Marion Junction, New Jersey

Coordinates: 40°44′16″N 74°04′25″W / 40.737665°N 74.07372°W / 40.737665; -74.07372 (Marion Junction)

Marion Junction is a railroad junction in western Jersey City, New Jersey. Currently, it connects CSX's River Line (via Conrail's Northern Branch) to Conrail's Passaic and Harsimus Line. The two lines merge towards the west, allowing through trains from upstate New York to continue towards the rest of the country. The track actually making the connection is known as the Marion Running Track.


The New Jersey Railroad (NJRR; later part of the Pennsylvania Railroad, PRR) and Paterson and Hudson River Railroad (later part of the Erie Railroad) both built their lines to this point in 1834 and November 28, 1833, respectively. It took four more years for the NJRR to cut through the New Jersey Palisades; prior to that, passengers and freight transferred to horse-drawn carriages over the hill. The junction was a simple one, with both lines merging towards the east, allowing both railroads to access the east side of the Palisades and the Hudson River.

In 1861, due to congestion on the PRR cut, the Erie built the Long Dock Tunnel through Bergen Hill and Marion Junction became a minor transfer point. In 1873 the newly opened New York, Susquehanna and Western Railway (NYS&W) and Montclair Railway (later New York and Greenwood Lake Railway, NY&GL) began using trackage rights over the Erie route to Marion Junction in order to reach the PRR cut. NY&GL rerouted passenger trains to the Erie terminal about 1890, and NYS&W did the same in 1911. NYS&W continued to maintain a freight house at Marion Junction.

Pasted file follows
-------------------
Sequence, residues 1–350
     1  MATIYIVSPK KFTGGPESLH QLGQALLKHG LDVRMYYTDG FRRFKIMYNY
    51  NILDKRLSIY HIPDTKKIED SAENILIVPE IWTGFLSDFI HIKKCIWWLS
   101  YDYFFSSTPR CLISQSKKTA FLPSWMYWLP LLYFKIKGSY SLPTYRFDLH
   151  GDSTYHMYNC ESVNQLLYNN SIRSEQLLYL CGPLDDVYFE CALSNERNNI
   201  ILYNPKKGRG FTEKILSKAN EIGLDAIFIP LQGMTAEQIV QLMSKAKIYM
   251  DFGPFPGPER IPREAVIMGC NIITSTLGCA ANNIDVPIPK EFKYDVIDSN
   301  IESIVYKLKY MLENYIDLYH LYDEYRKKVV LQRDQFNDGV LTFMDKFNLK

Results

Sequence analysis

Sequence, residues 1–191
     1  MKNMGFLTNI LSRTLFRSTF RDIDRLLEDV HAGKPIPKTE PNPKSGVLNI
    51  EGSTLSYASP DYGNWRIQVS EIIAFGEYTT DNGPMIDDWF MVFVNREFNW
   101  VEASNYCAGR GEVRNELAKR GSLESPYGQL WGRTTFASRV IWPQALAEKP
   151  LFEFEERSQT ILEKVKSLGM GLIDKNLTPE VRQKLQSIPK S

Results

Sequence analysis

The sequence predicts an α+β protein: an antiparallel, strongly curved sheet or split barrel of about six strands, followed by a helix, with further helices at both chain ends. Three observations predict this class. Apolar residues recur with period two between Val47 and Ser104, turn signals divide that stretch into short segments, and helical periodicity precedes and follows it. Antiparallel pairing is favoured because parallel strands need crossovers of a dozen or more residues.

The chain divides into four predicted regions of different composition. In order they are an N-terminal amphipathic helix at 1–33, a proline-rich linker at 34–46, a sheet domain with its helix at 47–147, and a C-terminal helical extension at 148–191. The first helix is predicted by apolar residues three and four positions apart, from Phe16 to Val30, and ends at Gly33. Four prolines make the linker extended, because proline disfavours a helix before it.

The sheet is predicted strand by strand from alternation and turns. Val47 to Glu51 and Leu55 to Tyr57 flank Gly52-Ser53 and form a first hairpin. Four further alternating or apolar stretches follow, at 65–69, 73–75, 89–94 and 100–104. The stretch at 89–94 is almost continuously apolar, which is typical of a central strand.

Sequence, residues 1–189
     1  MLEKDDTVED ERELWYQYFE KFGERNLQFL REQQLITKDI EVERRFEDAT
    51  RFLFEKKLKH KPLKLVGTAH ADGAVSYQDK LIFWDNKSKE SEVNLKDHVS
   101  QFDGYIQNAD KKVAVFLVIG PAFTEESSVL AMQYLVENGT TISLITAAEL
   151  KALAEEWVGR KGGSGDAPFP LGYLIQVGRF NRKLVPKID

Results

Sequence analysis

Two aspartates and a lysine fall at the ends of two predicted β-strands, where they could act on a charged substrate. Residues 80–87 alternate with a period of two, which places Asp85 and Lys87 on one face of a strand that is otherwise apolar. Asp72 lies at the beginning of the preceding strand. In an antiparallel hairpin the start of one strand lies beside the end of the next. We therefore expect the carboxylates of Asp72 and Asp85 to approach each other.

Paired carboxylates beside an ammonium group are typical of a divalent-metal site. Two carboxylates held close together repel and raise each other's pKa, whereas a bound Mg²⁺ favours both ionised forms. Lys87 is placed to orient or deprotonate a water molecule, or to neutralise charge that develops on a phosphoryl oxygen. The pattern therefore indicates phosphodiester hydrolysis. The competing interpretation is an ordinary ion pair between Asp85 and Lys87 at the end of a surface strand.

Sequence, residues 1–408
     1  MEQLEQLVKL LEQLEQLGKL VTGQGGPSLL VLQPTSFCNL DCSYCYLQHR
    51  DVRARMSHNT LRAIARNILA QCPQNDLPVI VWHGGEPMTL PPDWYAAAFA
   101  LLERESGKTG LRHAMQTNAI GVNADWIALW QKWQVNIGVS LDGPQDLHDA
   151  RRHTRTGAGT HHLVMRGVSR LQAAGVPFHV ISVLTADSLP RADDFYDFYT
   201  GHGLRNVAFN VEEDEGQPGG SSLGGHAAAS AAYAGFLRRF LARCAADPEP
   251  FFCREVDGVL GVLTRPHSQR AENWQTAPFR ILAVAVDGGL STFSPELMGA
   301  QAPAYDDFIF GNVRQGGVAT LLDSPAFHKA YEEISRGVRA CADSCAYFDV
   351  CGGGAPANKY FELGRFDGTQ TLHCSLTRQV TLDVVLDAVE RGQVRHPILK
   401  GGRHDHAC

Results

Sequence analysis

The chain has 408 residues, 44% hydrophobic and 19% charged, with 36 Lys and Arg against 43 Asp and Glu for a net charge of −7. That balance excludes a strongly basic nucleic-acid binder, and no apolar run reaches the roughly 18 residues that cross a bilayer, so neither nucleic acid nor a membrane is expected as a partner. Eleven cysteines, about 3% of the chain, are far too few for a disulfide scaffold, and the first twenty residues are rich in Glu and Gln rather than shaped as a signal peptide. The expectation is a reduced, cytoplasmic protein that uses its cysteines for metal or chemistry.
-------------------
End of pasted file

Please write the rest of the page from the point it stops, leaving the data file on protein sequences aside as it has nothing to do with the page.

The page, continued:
With the decline of the passenger railroads in the mid-20th century, Marion Junction lost much traffic. Facing east, it was not in the best alignment for freight traffic between upstate New York and points south.

Around 1994,[1] New Jersey Transit paid to modify the junction to point west, as part of moving the River Line to the west side of the Palisades, clearing the east side for the Hudson-Bergen Light Rail. This made the junction the preferred (and in some cases the only) route for freight traffic.

See also


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